October 27, 2022

By Zon D’Amour

Contributing Writer


Many people correlate the term, “new growth” with hair. Sadé Miller uses the term as a double entendre. The renowned hair stylist and owner of Sade Styles: Beauty Supply & Braid Lounge in Gardena recently released her first book entitled, “New Growth: A Journey Towards Wellness and Self-Worth.”

The self-help book takes readers on a journey where Miller shares how she overcame a traumatic childhood incident to thrive in adulthood. In an exclusive with the L.A. Sentinel, Miller gives insight into her writing process, as well as what she hopes readers glean from her book.

L.A. Sentinel: It feels as if reading books have become somewhat of a lost art form because we consume so much short-form content through social media. With this in mind, why did you decide to write a book as opposed to a podcast or a YouTube series?

Sade Miller: I grew up writing my thoughts in journals and was always excited about writing personal essays in school. It’s always been therapeutic for me, so I knew it was something I wanted to tackle. Although we are in digital times, I still believe books are timeless and there are still people that love to have physical books. In terms of a podcast or YouTube series, those things are of interest to me. I plan to use the book as a foundation for those mediums.

LAS: Can you give some insight into your writing process and is there anything you wish you would have known before starting the process?

SM: My writing process has been unconventional because it was something that I started working on as a little girl. A lot of the things I wrote in the book were based on my journal entries. I had no idea then that those exact thoughts would turn into my book today. When I did decide to start the process, in January 2022, I created an outline, a breakdown of the chapter names, and bullet points of what I wanted to talk about. Then, I began working with my team at Live Limitless Group who taught me how to organize the content and how to structure it. We created a flow that made me pull so much out of myself, and be intentional about the verbiage I am using and the message I am creating.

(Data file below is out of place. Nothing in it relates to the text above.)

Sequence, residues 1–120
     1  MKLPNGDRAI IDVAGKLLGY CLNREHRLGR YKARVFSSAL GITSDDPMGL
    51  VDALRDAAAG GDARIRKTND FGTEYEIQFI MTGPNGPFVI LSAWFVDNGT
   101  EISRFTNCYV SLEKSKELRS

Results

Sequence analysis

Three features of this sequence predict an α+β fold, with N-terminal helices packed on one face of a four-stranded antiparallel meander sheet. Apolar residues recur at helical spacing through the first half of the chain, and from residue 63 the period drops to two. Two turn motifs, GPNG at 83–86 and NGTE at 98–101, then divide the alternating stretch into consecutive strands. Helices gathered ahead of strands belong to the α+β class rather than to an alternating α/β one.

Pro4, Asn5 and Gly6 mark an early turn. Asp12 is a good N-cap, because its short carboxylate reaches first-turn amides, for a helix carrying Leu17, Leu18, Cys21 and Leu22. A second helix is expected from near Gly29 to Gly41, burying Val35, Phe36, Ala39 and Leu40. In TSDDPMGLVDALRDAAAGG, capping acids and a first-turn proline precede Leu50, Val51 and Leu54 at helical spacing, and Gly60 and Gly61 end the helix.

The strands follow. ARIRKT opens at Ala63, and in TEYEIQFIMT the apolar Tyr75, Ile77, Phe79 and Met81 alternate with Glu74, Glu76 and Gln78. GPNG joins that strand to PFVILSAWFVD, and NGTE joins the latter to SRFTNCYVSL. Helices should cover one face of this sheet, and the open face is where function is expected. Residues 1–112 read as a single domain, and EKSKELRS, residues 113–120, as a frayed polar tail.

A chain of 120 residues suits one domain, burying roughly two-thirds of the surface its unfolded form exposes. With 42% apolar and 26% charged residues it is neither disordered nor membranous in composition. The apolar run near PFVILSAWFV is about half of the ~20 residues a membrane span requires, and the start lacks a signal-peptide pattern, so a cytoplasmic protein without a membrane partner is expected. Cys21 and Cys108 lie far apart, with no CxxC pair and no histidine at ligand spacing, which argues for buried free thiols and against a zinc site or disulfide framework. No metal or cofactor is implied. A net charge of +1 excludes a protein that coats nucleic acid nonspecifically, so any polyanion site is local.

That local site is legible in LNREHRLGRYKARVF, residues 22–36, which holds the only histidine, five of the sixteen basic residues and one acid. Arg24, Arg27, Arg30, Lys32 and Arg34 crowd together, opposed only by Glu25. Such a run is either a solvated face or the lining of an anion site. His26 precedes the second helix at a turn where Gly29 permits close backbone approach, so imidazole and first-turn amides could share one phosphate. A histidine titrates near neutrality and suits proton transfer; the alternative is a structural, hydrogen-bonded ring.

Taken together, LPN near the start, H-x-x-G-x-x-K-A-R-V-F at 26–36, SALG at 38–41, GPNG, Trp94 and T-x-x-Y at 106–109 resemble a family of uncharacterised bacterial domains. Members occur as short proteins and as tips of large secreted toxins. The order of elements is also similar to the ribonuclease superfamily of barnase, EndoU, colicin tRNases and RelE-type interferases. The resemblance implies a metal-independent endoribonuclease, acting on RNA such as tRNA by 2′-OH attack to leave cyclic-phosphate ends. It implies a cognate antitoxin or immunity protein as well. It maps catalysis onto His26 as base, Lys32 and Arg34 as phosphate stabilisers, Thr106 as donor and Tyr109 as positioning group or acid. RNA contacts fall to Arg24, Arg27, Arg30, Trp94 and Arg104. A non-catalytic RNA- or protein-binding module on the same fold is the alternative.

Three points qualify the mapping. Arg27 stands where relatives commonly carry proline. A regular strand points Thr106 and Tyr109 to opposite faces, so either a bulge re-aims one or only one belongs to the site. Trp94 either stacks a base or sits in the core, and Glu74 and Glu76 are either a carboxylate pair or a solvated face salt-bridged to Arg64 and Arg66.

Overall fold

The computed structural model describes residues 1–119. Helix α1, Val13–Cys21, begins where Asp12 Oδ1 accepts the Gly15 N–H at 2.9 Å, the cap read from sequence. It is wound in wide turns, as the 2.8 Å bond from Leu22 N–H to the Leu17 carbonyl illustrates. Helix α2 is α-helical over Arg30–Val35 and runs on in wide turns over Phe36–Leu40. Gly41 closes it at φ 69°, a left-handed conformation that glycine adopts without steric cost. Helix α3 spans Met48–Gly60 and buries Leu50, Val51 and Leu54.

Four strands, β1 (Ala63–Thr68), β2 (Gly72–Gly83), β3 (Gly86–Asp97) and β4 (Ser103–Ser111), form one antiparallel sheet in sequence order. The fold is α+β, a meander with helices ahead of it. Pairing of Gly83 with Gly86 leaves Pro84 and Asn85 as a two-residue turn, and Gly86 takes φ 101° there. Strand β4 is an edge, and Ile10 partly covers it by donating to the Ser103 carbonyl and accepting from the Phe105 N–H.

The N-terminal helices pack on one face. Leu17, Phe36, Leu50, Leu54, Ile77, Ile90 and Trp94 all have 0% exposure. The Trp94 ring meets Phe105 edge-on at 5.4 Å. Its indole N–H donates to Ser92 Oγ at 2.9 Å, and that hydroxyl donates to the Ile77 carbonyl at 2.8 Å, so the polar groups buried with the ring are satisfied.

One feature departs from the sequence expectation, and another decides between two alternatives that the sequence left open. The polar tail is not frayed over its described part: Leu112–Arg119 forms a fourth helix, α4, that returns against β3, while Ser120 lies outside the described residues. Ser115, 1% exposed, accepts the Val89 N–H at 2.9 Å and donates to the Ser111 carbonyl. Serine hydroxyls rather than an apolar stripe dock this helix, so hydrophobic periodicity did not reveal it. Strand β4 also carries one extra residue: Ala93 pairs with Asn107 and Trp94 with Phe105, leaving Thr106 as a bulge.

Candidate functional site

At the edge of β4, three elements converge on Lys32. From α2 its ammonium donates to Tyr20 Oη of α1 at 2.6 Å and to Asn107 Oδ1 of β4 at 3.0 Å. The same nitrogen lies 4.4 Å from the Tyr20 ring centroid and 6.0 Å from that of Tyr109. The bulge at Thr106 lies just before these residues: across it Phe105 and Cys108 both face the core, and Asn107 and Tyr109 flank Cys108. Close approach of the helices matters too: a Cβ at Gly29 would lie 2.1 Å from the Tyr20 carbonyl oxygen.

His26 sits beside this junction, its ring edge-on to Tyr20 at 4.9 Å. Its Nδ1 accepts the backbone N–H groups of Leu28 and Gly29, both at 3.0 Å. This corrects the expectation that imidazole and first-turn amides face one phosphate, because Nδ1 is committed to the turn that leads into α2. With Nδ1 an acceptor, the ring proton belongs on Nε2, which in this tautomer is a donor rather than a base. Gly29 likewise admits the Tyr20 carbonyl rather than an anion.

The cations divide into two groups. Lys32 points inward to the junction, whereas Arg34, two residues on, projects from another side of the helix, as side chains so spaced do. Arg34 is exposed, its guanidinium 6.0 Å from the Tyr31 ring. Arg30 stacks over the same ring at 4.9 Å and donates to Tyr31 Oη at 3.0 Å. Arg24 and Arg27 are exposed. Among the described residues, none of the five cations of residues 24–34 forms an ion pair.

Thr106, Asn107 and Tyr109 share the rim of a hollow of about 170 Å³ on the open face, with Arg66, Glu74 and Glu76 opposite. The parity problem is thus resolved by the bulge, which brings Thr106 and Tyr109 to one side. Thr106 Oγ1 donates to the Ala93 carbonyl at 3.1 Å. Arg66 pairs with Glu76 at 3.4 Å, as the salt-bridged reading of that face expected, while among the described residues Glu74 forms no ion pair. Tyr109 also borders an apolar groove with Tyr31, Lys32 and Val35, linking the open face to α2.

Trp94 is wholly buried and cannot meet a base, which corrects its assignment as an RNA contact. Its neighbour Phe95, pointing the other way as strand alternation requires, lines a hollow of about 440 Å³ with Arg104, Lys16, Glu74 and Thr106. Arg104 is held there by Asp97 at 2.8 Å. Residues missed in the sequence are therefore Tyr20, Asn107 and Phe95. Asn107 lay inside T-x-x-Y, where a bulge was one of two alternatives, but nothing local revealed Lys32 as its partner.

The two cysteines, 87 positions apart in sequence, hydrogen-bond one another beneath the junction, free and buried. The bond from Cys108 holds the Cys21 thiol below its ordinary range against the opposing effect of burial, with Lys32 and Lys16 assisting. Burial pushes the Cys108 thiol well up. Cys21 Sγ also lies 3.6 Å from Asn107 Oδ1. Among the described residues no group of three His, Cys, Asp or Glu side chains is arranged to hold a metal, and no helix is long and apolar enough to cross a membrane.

I love that I didn’t know everything about the process. I loved being a student to something new, it’s been refreshing to experience this new chapter.

LAS: How did you manage to write the book in the midst of also being the busy owner of a braiding salon? Were there times when you felt like giving up? If so, what motivated you to keep going?

SM: I made it a priority. I had no other choice but to put myself first and I knew this project was going to change my life.

I knew it was time for me to become a new version of myself, hence the title “New Growth,” it was my duty to myself to see this through and bet on myself. For so long I have been in the background of others, helping to grow their brand, but this was my cue to do that for myself. I did push it back a few times because I wanted to make sure my thoughts were going to be translated well by the reader, but I never thought to give up because it was a must to complete.

LAS: What are the main takeaways you hope readers will glean from your book?

SM: My book fits within the “Self-help/empowerment” category, but I always want to be clear that my book is not to advise you on how you should handle a situation, it's simply a platform for perspective. I wanted to be vulnerable in letting my audience in on how I handled situations in my life. Being an empath, I’ve always tried my best to look at all angles in any situation. That’s what I want to be able to communicate with my book. Those that are empaths will read this book and feel seen.

LAS: For women or men who may have had similar experiences as the ones you shared from your childhood, what are some of the first steps they should take in not letting their past trauma define them?

SM: One of the first things to do is find a safe space to tell someone; it gives you your power back. The more you carry your abuser's burdens, the more you will experience a life being victimized. You have to choose to be a survivor and not a victim. Own being a survivor, so that you don’t become a statistic. Also, seeking professional help is truly a game changer. I highly recommend therapy. 

LAS: Do you believe forgiving the person that hurt you is a requirement for healing? If so, what does that look like for you?

SM: Forgiving people that hurt you does you more justice than it does them. They usually go off to live their lives while you are still holding on to the hurt they gave you.  For me, it was imperative for me to forgive my father because I could not live my life carrying his sickness. I knew that forgiving him meant I got my power back and I take that into every situation when I feel like I have been done wrong. Carrying someone else's burden is heavy and trust me, you don’t want that load while trying to live your life.


Category: Community